Macro Express code, though, so please bear with me. This post is going to be rather long, and specific. Terry is right, the

Help files really are a good reference for figuring out the most basic commands. But I also like a challenge and I enjoy

explaining ME in detail, because I often find that as I do so, I learn things I didn't know before (sometimes I suddenly

understand why something works that I didn't understand before, even though I use it).

 

An integral part of ME is the storing of information on "hooks" called variables. There are three basic types of variables in

ME: Text Variables (indicated by a T), Integer Variables (indicated by an N), and Decimal Variables (indicated by a D).

 

Each type of variable can have up to 99 possible hooks per macro. So, you can have Text Variables ranging from

T1 through T99; you can have Integer Variables ranging from N1 through N99; and you can have Decimal Variables

ranging from D1 through D99.

 

Your indicated list consisted of "red white and blue." Assuming the list is in a list format:

 

red

white

blue

 

the macro I built for you would start your list by assigning red to T10, then it would assign white to T11, and finally it

would assign blue to T12.

 

The macro would work for longer lists as well, up to T99 (89 possible lines of text, since it started at T10, not at T1).

 

You don't need to know Direct Editor script to make this work. I don't even begin to understand Direct Editor script. I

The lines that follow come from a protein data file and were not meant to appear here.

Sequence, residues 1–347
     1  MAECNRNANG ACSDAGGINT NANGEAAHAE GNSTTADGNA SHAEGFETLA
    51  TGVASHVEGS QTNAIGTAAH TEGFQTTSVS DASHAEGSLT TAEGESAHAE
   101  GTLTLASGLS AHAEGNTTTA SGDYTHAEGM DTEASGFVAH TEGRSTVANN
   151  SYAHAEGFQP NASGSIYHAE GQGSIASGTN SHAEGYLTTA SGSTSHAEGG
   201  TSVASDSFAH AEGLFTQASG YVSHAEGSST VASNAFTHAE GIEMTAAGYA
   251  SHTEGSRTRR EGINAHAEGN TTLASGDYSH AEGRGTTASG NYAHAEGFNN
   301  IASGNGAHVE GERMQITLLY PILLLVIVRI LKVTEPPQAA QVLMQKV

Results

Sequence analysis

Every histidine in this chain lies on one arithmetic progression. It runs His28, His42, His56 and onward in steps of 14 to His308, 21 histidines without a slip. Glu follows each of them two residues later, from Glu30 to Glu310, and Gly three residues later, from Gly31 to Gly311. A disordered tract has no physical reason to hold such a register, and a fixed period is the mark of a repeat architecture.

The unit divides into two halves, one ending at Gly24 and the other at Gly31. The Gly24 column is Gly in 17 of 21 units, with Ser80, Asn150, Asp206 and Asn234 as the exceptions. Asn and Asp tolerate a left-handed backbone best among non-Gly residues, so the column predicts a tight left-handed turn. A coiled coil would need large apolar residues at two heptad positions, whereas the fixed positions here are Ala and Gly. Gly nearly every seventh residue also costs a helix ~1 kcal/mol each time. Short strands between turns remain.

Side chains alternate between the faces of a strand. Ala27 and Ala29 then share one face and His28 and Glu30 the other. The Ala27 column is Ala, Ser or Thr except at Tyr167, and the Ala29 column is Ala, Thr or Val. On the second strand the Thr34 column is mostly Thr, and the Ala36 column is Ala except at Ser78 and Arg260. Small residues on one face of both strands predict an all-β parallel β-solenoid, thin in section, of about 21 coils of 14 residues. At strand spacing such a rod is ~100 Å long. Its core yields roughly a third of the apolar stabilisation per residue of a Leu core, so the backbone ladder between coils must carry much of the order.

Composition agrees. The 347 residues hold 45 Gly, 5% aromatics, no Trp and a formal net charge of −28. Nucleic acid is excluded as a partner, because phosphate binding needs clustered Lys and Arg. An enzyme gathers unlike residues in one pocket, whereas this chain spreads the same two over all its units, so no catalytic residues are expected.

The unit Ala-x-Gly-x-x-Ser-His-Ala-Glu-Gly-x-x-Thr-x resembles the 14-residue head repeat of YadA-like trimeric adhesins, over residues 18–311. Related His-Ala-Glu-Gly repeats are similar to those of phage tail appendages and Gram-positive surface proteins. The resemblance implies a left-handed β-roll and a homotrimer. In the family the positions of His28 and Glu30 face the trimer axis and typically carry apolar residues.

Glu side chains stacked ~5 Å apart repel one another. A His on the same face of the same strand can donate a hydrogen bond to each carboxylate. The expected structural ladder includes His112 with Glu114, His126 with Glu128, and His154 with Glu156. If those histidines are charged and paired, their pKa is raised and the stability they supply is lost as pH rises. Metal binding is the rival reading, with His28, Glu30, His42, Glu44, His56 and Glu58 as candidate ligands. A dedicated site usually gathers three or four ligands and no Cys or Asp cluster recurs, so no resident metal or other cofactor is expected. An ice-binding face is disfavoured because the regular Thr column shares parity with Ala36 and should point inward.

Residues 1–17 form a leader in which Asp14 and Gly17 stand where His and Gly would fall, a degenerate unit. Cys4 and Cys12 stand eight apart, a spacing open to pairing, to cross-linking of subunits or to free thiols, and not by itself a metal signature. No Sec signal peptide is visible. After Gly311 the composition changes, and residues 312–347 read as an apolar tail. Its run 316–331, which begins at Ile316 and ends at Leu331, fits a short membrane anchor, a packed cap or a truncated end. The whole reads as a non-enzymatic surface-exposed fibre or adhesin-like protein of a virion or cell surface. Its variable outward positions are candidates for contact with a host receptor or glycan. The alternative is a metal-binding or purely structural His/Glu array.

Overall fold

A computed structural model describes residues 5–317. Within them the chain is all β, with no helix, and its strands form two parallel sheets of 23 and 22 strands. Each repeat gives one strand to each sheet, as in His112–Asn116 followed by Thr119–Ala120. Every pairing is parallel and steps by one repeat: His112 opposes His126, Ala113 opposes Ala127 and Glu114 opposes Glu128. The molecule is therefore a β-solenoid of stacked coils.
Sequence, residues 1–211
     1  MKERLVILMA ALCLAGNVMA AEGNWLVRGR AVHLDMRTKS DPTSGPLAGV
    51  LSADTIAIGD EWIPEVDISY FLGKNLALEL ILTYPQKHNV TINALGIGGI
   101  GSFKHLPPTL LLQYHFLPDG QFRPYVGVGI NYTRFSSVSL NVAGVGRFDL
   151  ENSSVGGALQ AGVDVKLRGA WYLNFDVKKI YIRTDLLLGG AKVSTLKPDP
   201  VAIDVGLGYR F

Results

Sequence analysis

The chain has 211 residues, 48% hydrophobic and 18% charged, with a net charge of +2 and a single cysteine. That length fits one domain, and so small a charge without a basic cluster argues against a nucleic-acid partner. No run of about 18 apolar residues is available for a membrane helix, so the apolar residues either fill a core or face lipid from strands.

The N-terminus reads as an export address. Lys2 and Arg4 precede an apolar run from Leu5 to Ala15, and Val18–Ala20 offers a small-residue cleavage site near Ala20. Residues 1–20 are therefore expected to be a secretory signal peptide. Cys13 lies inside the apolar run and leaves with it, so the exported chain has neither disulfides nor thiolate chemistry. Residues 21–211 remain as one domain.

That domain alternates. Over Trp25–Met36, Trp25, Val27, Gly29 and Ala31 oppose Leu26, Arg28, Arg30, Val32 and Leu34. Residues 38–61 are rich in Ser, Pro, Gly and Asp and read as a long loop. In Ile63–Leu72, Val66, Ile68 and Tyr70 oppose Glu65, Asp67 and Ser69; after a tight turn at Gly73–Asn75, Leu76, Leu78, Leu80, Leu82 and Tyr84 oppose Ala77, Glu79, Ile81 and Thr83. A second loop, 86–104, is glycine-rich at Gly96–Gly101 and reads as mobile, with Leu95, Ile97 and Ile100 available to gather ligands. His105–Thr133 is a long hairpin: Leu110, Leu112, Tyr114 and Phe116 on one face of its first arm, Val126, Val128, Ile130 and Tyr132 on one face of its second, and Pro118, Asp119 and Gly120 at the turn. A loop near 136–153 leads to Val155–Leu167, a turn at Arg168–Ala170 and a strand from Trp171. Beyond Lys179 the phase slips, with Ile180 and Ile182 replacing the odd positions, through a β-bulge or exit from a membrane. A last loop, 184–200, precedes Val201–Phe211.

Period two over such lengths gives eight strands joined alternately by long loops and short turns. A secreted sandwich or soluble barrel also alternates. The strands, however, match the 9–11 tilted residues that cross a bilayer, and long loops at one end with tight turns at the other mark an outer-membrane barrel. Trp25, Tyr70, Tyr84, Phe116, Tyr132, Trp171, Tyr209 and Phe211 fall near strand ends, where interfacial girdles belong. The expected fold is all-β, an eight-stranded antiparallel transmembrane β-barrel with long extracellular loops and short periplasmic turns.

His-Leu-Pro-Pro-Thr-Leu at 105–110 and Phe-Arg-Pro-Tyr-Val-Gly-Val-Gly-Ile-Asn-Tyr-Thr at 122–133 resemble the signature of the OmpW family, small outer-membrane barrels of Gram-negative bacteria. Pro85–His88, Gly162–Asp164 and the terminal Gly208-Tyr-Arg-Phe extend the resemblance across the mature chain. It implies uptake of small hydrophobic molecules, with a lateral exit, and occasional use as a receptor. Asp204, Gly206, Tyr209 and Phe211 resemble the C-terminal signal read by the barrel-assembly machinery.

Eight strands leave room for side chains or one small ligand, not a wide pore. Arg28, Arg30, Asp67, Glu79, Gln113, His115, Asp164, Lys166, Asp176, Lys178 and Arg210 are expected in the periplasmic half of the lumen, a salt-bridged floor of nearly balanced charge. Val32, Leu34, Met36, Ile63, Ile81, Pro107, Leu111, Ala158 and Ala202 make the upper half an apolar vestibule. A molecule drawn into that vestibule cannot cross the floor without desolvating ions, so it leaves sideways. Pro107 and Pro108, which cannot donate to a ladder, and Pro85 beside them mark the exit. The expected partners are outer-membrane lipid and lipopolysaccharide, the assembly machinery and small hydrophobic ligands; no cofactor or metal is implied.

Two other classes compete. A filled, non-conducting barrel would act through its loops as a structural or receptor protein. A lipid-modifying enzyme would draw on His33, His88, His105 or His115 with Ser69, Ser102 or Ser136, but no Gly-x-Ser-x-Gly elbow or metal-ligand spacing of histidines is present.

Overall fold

just happen to know one particular function for building a macro into a text file that will do what it is you need the macro

to do. I explained that in as much detail as I understood in my previous post.

 

I also provided the Scripting Editor text in that post, so you can see what it looks like in the Scripting Editor (what you

copied into this reply is the scripting editor text).

 

The problem with running a macro from a Text Variable (which is what you have to do to make my macro work), is that

the macro inside the Text Variable has to look like Direct Editor script. It's the only way. I looked for a long time

before figuring that out about a year ago. The thing is, you don't really need to understand Direct Editor script. You just

need to understand what each part of that command means. I tried to explain that in the original response, too. I don't

understand more about it than I stated, but it should be enough for you to duplicate it in your own macro, depending on

your needs.

 

I will repeat the explanation of each step of this macro, and try do be more specific about what each step means.

Step 1: